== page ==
Here is a quick round-up of this week’s technology headlines and related stories you may have missed:
1. Report: United States to attribute cyber incident to Iran. CNN reports that the Unites States is getting ready to indict government-sponsored Iranian hackers of breaking into the computer network of a flood control dam in a suburb of New York City. The incident allegedly occurred in 2013 but only came to light in 2015 as a result of an article in the Wall Street Journal, which connected the same intruders to similar incidents against Capital One, PNC Financial Services, and SunTrust Banks. Very little is known about the incident other than it was unsophisticated--CNN reports that only "back office" not "operational systems" were affected, presumably indicating the controls that regulate water flow were not affected. Still, if the CNN report is true, it would only be the second time that the U.S. government formally indicts state-sponsored hackers and the third time the United States has publicly accused another state of being behind an attack. In 2014, the U.S. Department of Justice indicted five officers of the People’s Liberation Army for cyber-enabled espionage against U.S. firms and in 2015, the White House attributed the Sony hack to North Korea.
2. FBI to Apple: I rebut your rebuttal! Federal prosecutors filed a response to Apple this week in the ongoing dispute over whether the company can be compelled to write code that would enable the Federal Bureau of Investigation to access the iPhone of one of the San Bernardino attackers. In their filing, they dispute many of Apple’s claims. According to the government, the case passes a 3-part test set by previous court decision with respect to the All Writs Act, which empowers the court order in this case. The government filing argues that Apple has a close connection to their phones because of its “monopoly-like” control over distribution of software to phones; that assisting the government does not place an “undue burden” on Apple; and that the company’s assistance is necessary for the government to access the data on the phone. They also dispute Apple’s claim that writing this code would present a security risk for all Apple users and that compelling Apple to write code is not a violation of the First Amendment because the code would remain private. Apple has shot back in the press, with a spokesman arguing it’s a slippery slope to a future where the government can compel Apple to turn on a user’s camera or microphone.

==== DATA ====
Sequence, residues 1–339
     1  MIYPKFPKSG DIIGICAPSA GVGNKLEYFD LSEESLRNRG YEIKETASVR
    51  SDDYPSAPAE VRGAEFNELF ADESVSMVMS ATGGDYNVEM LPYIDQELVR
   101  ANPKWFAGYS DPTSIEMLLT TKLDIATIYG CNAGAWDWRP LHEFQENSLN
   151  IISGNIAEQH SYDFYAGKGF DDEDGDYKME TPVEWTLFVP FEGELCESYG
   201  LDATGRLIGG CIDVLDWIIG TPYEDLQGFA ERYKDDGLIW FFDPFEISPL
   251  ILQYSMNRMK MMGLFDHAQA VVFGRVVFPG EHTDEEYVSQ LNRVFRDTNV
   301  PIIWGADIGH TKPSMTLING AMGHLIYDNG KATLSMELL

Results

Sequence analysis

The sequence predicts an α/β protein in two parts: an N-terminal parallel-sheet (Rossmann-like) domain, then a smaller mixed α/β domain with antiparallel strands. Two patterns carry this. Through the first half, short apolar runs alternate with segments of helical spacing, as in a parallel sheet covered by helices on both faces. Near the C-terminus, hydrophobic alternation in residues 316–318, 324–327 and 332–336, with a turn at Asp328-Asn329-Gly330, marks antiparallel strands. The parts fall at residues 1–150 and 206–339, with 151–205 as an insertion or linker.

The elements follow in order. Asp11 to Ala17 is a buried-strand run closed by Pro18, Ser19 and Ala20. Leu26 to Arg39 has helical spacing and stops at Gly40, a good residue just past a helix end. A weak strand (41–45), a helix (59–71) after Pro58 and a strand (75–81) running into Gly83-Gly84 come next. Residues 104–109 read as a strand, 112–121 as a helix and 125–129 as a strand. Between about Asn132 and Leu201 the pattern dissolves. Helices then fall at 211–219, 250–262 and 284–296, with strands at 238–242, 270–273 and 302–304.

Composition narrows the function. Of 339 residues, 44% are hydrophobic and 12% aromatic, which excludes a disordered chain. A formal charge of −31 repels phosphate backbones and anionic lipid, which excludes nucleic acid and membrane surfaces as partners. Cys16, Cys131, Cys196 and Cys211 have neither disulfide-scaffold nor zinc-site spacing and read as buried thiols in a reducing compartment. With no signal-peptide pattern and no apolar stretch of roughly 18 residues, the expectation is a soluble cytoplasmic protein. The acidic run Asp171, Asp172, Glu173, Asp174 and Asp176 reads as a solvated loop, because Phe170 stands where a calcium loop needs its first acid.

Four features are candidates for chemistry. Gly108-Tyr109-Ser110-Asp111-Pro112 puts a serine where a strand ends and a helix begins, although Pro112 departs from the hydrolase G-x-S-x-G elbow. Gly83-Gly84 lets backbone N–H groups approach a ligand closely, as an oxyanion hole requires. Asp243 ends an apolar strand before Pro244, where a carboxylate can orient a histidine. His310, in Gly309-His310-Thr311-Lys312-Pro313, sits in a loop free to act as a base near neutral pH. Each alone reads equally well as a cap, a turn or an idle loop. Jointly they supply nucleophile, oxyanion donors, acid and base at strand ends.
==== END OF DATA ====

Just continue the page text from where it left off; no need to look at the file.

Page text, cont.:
3. UK bill raises privacy questions. The Investigatory Powers Bill, a draft surveillance law under consideration by the UK Parliament, was excoriated this week in the first report to the United Nations by the UN’s special rapporteur on privacy, Joseph Cannataci. Cannataci said Parliament is “setting a bad example to other states” and doesn’t fully understand the “serious and possibly unintended consequences” of legitimizing "mass surveillance." He criticized the draft bill for failing to meet privacy standards set by the decisions of European courts in Max Schrems’ successful challenge of Safe Harbor and Roman Zakharov’s dispute over Russian surveillance of telecommunications. But the Investigatory Powers Bill isn’t the only challenge to online communications that lies ahead for the United Kingdom. Should the country vote to leave the European Union, it would severely impact the ability of companies to move data between the United Kingdom and the European continent, and even uncertainty ahead of the vote could push firms to move their data to other parts of Europe.
4. Have they found a way to solve a problem like IANA? As anticipated, the Internet community agreed on a proposal to end U.S. government control of the IANA functions and transfer them to the Internet Corporation for Assigned Names and Numbers (ICANN), which oversees the Internet’s address book. For more on the specifics of the proposal, you can get into the details here, here, and here. Up next, the U.S. Department of Commerce will assess whether the plan its requirements for the transition, namely that the proposal maintains the openness of the Internet and the security and stability of the domain name system. If the proposal passes that hurdle, it will then have to go to a skeptical Congress and to the White House for sign-off. The IANA transition isn’t out of the woods yet.